The Major League Baseball Players Association took an initial step toward unionizing the minor leagues Sunday night, sending out authorization cards that will allow minor league players to vote for an election that could make them MLBPA members.
"Minor leaguers represent our game's future and deserve wages and working conditions that befit elite athletes who entertain millions of baseball fans nationwide,'' players' association executive director Tony Clark said Monday in a statement. "They're an important part of our fraternity and we want to help them achieve their goals both on and off the field.''
The potential unionization of more than 5,000 minor leaguers is the latest action in a yearslong effort by players who won a $185 million settlement from the league in an unpaid wages class-action lawsuit and have received housing from teams and increased pay in recent years. Minor league players, whose compensation and benefits are not collectively bargained, continue to argue for higher salaries, which for a vast majority range from around $5,000 to $14,000 annually. Furthermore, the Senate Judiciary Committee has suggested it will call a hearing to explore MLB's antitrust exemption and its treatment of minor leaguers.
Sen. Dick Durbin, D-Illinois, the chair of the Senate Judiciary Committee, tweeted Monday: "I welcome this step by MLBPA."
Minor league players make near poverty wages while serving as some of MLB's best ambassadors in communities across America. Unionization would finally allow minor leaguers to negotiate for better pay and working conditions. I welcome this step by MLBPA.— Senator Dick Durbin (@SenatorDurbin) August 29, 2022
Advocates for Minor Leaguers, the group that has spent recent years organizing minor league players, is now working with the MLBPA, which collectively bargains with MLB on behalf of the 1,200 players on major league rosters.
"The last couple years has been a buildup of players offering their voices and their concerns, with Advocates for Minor Leaguers continuing to echo and aggregate those voices in a way that have gotten us to this point," Clark told ESPN.
In order for the MLBPA to represent minor leaguers in collective bargaining, 30% of players need to sign union authorization cards, which would prompt an election. If a majority of those who vote in an election choose for union representation, the National Labor Relations Board will require MLB to recognize the union. The league and MLBPA then would collectively bargain for minor leaguers, an outcome that even five years ago would have registered as farfetched.
Player representatives on all minor league teams, organized by Advocates through four player-outreach coordinators, will distribute voting cards to teammates. Advocates executive director Harry Marino, who played in the minor leagues for the Arizona Diamondbacks and Baltimore Orioles, said unionization efforts sped up during the 2021 and 2022 seasons as more minor league players expressed interest.
"This generation of minor league players has demonstrated an unprecedented ability to address workplace issues with a collective voice,'' Marino said Monday in a statement. "Joining with the most powerful union in professional sports assures that this voice is heard where it matters most -- at the bargaining table.''
MLB declined comment Sunday night.
The MLBPA's executive board, made up of leadership members and team representatives, approved without opposition the union's drive to incorporate minor league players in a Friday call. The union's rank and file was not informed of the plan, with multiple major league players telling ESPN they were surprised by the news that the MLBPA would potentially expand its membership by nearly five times. The union plans to hold a videoconference Monday to answer questions from players.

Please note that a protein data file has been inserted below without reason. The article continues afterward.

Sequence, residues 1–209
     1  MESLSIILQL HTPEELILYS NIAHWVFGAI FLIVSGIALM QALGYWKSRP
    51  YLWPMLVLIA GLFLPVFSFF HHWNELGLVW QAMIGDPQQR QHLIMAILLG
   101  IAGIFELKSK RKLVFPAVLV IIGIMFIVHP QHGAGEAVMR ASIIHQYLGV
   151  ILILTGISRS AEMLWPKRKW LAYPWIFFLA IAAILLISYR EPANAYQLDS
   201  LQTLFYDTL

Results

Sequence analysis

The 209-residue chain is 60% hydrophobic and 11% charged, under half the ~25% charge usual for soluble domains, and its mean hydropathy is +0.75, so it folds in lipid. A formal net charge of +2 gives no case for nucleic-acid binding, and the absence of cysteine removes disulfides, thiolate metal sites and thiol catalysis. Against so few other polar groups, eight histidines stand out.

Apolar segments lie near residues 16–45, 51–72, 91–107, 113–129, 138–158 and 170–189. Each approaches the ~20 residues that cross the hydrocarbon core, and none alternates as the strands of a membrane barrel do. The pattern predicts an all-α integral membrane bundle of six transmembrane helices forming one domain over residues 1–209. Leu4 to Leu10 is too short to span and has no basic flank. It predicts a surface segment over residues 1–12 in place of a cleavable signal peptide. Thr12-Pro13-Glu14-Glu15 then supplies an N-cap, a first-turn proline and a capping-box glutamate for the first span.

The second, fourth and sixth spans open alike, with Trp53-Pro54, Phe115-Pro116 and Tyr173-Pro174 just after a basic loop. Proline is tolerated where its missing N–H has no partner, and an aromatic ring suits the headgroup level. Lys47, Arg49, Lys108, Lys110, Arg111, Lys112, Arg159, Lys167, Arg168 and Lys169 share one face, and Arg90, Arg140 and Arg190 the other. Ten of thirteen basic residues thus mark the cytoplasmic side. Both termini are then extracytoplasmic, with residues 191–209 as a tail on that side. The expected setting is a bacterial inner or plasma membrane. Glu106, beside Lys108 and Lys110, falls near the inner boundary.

Minor league players said conversations around union representation changed as more players openly spoke about their living conditions privately and publicly. Amid the growing momentum, the MLBPA provided substantial financial support, according to sources, committing $1 million in 2020 to organizations providing support to minor leaguers, including Advocates and More Than Baseball. The donation paid the salaries of Marino and Kevin Slack, a former Democratic political operative who joined Advocates as director of communication and development.
The treatment of minor league players emerged as a seminal story in recent years with the potential damages the certification of the Senne v. MLB antitrust suit posed for the league as well as the stories of players receiving salaries below the poverty line and living in poor conditions. While unionization existed as a possibility to potentially remedy some issues, the fear of risk long prevented players from organizing. Whether it was concerns about teams destroying individuals' careers or the difficulty in finding consistent leadership among a constituency that constantly changes, the obstacles proved formidable.
The distribution of union authorization cards will put at least a portion of that theory to the test. Multiple minor leaguers have said players are becoming more educated on their labor rights and how MLB's antitrust exemption affects their employment status.
"The game of baseball will be better for everyone," Marino said, "when minor league players have a seat at the table."
Clark expressed confidence about the vote passing for the MLBPA to represent minor leaguers because of the feedback he received from players.
"Listening to the players and the concerns that they voiced in their interest in creating a formal seat at the bargaining table, they give me confidence," Clark said. "The players always give me confidence."
ESPN's Joon Lee and The Associated Press contributed to this report.